Alan Gold lives in Texas. His novels, Stress Test and The White Buffalo, are available, like everything else in the world, on amazon.
Honey, Come Home!
If we'd had a Halo Collar back in the day, I wouldn't be able to write the story I'm about to tell. You might think that a dog that had lost the use of her back legs, who had to be carried outside just to do her business, wouldn't have much need for a fence, either electronic or physical.
The Year of the Nuts
We called it the Year of the Nuts. Maybe the heavy spring rains caused it. Maybe it was a summer that was mild enough to make Texas seem like a nice place to be. Maybe some other fluke of weather, magic or botany beyond my comprehension came into play. Bottom line is the nuts came down hard that fall.
The Quiet Race
Bob never said anything when Wade turned up the pace half a notch. Neither did Wade. Each struggled to keep his breathing quiet and steady, to hide the mounting strain. When it was over and Bob lowered his head, as if studying the V-shaped pattern of sweat that darkened his shirt, Wade said, "That was good. About eight minutes."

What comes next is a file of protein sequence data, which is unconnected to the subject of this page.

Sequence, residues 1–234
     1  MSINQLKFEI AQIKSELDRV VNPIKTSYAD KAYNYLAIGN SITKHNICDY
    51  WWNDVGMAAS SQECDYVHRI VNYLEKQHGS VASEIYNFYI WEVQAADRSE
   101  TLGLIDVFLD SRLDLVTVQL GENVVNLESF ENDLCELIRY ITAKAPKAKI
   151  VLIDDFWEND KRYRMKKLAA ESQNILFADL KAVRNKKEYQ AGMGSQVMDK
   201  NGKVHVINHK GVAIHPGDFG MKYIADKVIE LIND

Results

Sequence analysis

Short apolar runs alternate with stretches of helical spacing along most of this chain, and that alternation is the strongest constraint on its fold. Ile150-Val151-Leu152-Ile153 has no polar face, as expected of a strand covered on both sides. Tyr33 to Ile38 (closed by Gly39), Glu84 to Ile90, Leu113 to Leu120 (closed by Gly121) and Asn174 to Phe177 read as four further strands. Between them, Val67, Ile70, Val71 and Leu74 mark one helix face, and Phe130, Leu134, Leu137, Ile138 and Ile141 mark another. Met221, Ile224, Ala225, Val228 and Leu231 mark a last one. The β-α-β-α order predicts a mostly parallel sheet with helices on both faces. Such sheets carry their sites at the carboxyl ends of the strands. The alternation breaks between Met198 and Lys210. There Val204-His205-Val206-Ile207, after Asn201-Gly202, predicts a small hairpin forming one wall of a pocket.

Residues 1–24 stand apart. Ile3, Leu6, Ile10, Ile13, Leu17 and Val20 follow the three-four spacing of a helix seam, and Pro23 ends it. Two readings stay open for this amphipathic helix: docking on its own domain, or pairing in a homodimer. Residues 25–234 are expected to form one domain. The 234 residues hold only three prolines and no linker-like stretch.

Stress Test Ch. 42
Death had a lot in common with the surveys Sandy worked with at ATI. Both caught people off guard and gave a slender moment an importance it would have lacked without the intrusion. ATI extracted opinions from thousands of people and then peddled the results as if they held an eternal truth.
Stress Test Ch. 41
Kids knew a lot more about the world than Sandy did in her day, so Saury had no trouble adapting to a fierce-looking dog twice his size. He hugged Suvi around the neck, bared his own teeth and pulled back the dog's gums for the camera. For the rest of the day, he paraded around with his upper lip tucked behind the bottom row of baby teeth, saying "Rrrrhhhh. Rrrrhhhh."
Stress Test Ch. 40
Billey opened his eyes when the rhythm changed. He stretched the kinks out of his arms and legs. He'd slept all curled up like a dog to keep himself warm without a blanket. He smelled old wood and hot grease as he felt the pockmarks the rough floor had left in his cheek.